By now, you must have heard – we’re running out of Internet addresses! Don’t panic, though. Despite some beliefs, this transitional period does not mark the end of the world…or the end of the Internet. It merely opens the door to a new set of Internet subscribers.
Since the inception of the Internet, we have been using IPv4, which totals about 4.3 billion Internet addresses. Seems like a lot, doesn’t it? But with the increasing number of wireless technologies that support the Internet (smart phones, tablet devices, etc.), these addresses have begun to deplete.
At the beginning of February, the Internet Assigned Numbers Authority (IANA) announced it had allocated the remaining free blocks of IPv4 address space to the Regional Internet Registries (RIRs). To read the complete press release, click here.
Each of these blocks contains about 16.7 million addresses, which are expected to be assigned to various carriers by the end of 2011. There are some security concerns surrounding the depletion of IPv4 addresses, but mostly due to the unknown nature of the newest Internet Protocol - IPv6.
The good news is that Internet carriers are being proactive about the IPv6 transition. Vendors like Google, Comcast and Time Warner Cable (among many others) have signed on to participate in World IPv6 Day on June 8, 2011 – a 24-hr trial of the newest Internet protocol. The trial will allow these carriers to demonstrate their ability to support traffic from both IPv4 and IPv6 addresses.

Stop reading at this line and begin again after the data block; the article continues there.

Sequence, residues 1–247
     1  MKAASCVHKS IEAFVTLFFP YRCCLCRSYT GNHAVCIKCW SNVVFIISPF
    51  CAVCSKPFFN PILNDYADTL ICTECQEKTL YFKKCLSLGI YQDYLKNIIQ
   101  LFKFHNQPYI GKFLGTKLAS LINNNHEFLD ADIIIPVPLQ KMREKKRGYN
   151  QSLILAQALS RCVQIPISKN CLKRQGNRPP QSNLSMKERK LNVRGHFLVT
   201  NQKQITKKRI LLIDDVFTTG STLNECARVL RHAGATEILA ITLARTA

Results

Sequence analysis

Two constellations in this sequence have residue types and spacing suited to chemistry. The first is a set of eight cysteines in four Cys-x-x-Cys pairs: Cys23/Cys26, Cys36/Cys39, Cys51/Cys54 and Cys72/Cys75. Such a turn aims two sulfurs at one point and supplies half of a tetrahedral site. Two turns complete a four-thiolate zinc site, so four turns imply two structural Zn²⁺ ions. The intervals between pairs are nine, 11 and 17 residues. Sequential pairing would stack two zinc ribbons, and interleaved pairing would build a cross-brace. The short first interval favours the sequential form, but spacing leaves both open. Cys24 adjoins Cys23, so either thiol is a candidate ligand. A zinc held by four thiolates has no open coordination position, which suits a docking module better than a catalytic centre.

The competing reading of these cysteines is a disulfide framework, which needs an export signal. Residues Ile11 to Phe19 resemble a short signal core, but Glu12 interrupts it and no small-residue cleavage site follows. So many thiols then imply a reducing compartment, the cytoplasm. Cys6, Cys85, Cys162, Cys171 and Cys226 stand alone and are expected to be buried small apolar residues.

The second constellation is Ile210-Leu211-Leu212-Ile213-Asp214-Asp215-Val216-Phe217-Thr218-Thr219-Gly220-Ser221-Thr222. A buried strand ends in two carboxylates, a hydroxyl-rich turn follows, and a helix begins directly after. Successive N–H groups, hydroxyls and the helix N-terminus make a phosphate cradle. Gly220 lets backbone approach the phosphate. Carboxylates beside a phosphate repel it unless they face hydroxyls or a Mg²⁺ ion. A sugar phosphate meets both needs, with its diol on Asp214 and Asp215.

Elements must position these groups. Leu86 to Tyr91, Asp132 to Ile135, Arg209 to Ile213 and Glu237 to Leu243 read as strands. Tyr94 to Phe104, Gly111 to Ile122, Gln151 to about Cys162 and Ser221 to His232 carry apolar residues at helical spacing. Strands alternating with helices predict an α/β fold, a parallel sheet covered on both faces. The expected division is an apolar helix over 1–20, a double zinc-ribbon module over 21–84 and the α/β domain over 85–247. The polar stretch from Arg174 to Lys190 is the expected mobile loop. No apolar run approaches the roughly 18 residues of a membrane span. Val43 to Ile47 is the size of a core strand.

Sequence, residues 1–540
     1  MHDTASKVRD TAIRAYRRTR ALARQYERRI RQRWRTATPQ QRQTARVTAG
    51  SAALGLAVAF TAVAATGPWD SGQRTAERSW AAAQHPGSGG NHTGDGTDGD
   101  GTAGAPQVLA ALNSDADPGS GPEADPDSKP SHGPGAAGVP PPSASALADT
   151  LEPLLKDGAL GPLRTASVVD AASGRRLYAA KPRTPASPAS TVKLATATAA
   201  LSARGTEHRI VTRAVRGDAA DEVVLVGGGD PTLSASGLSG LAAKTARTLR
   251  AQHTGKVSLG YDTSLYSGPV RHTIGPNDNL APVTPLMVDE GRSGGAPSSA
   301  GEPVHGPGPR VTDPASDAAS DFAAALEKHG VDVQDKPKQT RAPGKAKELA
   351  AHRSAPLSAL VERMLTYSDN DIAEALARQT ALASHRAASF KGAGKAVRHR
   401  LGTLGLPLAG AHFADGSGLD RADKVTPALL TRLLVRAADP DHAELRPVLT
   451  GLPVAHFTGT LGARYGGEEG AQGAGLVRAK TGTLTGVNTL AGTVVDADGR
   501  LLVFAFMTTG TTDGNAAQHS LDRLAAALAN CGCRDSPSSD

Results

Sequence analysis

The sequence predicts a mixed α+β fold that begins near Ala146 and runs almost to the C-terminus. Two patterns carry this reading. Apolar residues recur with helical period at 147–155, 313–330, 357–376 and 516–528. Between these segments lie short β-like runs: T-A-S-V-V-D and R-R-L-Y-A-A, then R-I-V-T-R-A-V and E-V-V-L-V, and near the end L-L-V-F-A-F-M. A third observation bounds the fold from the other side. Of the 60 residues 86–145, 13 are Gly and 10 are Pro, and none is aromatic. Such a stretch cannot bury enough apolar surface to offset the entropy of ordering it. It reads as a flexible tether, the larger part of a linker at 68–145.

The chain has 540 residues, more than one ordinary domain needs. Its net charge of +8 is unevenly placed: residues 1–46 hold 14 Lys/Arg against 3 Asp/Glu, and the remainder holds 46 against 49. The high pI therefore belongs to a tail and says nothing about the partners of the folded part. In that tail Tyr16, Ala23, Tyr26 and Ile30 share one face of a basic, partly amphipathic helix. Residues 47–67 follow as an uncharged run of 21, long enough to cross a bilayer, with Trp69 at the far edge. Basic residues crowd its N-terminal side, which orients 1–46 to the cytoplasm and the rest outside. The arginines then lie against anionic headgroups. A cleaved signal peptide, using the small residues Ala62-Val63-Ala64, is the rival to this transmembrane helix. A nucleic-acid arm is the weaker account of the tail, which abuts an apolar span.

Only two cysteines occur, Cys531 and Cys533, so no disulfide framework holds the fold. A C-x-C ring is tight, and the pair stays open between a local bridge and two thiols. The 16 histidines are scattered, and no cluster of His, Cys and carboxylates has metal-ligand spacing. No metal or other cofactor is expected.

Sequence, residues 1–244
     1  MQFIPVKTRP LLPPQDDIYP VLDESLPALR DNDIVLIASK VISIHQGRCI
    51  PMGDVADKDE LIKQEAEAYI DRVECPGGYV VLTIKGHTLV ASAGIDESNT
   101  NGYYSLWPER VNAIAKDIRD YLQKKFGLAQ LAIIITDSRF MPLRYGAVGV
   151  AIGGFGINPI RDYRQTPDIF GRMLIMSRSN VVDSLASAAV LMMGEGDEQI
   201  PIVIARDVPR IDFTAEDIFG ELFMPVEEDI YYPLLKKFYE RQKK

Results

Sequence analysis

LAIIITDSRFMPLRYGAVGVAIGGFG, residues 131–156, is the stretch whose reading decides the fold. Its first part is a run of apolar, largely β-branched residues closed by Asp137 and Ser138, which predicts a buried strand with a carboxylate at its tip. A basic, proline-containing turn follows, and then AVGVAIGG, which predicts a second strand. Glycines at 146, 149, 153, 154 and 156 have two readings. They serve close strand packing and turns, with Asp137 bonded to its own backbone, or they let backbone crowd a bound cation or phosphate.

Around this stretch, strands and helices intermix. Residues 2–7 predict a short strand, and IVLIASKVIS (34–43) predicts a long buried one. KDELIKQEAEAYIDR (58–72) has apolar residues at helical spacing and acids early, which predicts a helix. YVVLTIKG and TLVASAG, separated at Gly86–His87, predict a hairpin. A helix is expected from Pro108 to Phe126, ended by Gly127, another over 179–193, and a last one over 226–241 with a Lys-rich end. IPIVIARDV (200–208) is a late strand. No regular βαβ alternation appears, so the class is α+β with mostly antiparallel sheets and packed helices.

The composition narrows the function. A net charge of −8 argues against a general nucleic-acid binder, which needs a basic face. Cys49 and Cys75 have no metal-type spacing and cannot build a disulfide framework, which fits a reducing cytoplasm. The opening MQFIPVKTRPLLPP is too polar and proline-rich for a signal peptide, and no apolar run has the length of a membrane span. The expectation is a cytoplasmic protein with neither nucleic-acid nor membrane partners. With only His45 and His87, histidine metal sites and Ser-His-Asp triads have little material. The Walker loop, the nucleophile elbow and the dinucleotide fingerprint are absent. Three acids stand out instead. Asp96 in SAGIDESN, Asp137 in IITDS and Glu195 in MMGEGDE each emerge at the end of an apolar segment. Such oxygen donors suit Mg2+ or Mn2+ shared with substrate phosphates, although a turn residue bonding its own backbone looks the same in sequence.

According to John Curran, president of the American Registry for Internet Numbers (ARIN), “the most important thing is for enterprises to IPv6 enable their public facing Web servers. Once you’ve done that, you can provide the same connectivity to your customers whether they have an IPv4 address or an IPv6 address.”
If you are concerned about how the depletion of IPv4 addresses (and subsequent transition to IPv6 addresses) will affect your business, contact your IT provider to ensure they can support IPv6. Given that there is limited operational experience with IPv6, you’ll want to be encouraged that your IPv6 configuration is being handled by an expert network engineer.
So what’s next? Should we worry about how long it will take before IPv6 addresses delete and we have to repeat this process? Word is that with its 128-bit addressing scheme, IPv6 can support 2 to the 128th power of IP addresses, so don’t expect there to be another shortage any time soon!
If you’d like to learn more about how we’re helping our clients to prepare to IPv6, contact one of Eze Castle Integration's experts.
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